Although the movement was rooted in the German Sturm und Drang movement, which prized intuition and emotion over Enlightenment rationalism, the ideologies and events of the French Revolution laid the background from which both Romanticism and the Counter-Enlightenment emerged. The confines of the Industrial Revolution also had their influence on Romanticism, which was in part an escape from modern realities; indeed, in the second half of the 19th century, "Realism" was offered as a polarized opposite to Romanticism. Romanticism elevated the achievements of what it perceived as heroic individualists and artists, whose pioneering examples would elevate society. It also legitimized the individual imagination as a critical authority, which permitted freedom from classical notions of form in art. There was a strong recourse to historical and natural inevitability, a zeitgeist, in the representation of its ideas.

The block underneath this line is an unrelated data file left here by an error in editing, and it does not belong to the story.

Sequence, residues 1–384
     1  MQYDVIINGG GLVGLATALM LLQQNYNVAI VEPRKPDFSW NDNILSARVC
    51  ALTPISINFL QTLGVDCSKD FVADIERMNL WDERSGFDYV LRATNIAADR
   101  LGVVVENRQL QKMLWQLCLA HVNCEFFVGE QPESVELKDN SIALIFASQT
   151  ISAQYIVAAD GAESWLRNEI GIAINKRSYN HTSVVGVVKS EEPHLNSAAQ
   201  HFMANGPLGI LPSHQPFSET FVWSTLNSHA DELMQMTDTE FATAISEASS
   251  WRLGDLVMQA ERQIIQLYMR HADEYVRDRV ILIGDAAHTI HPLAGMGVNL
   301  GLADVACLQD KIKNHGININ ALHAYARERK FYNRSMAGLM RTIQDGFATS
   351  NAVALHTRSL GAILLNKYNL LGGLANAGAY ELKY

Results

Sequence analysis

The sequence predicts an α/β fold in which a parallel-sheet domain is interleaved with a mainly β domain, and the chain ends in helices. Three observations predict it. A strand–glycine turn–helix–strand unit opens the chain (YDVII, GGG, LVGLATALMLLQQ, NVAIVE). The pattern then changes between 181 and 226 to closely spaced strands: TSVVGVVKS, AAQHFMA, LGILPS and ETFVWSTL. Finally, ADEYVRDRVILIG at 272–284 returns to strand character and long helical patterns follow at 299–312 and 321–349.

Although the term "Romanticism" when applied to music has come to imply the period roughly from the 1820s until around 1900, the contemporary application of "romantic" to music did not coincide with this modern interpretation. In 1810 E.T.A. Hoffmann called Mozart, Haydn and Beethoven the three "Romantic Composers", and Ludwig Spohr used the term "good Romantic style" to apply to parts of Beethoven's Fifth Symphony. Technically, Mozart and Haydn are considered Classical composers, and by most standards, Beethoven represents the start of the musical Romantic period. By the early 20th century, the sense that there had been a decisive break with the musical past led to the establishment of the 19th century as "The Romantic Era", and it is referred to as such in the standard encyclopedias of music.